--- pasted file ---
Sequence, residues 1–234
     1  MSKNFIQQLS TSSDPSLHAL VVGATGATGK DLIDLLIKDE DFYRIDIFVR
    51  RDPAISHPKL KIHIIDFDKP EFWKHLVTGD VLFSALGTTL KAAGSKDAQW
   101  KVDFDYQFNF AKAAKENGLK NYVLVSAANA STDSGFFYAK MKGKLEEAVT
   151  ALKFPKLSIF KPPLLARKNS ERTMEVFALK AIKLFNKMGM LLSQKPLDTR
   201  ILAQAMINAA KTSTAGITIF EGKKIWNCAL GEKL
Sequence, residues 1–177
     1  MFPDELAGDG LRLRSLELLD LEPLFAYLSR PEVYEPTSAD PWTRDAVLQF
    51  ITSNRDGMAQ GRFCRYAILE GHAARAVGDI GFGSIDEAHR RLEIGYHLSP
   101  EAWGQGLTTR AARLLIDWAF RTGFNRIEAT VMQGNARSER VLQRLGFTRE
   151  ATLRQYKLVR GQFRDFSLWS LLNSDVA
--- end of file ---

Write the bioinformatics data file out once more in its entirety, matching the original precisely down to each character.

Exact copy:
Sequence, residues 1–234
     1  MSKNFIQQLS TSSDPSLHAL VVGATGATGK DLIDLLIKDE DFYRIDIFVR
    51  RDPAISHPKL KIHIIDFDKP EFWKHLVTGD VLFSALGTTL KAAGSKDAQW
   101  KVDFDYQFNF AKAAKENGLK NYVLVSAANA STDSGFFYAK MKGKLEEAVT
   151  ALKFPKLSIF KPPLLARKNS ERTMEVFALK AIKLFNKMGM LLSQKPLDTR
   201  ILAQAMINAA KTSTAGITIF EGKKIWNCAL GEKL
Sequence, residues 1–177
     1  MFPDELAGDG LRLRSLELLD LEPLFAYLSR PEVYEPTSAD PWTRDAVLQF
    51  ITSNRDGMAQ GRFCRYAILE GHAARAVGDI GFGSIDEAHR RLEIGYHLSP
   101  EAWGQGLTTR AARLLIDWAF RTGFNRIEAT VMQGNARSER VLQRLGFTRE
   151  ATLRQYKLVR GQFRDFSLWS LLNSDVA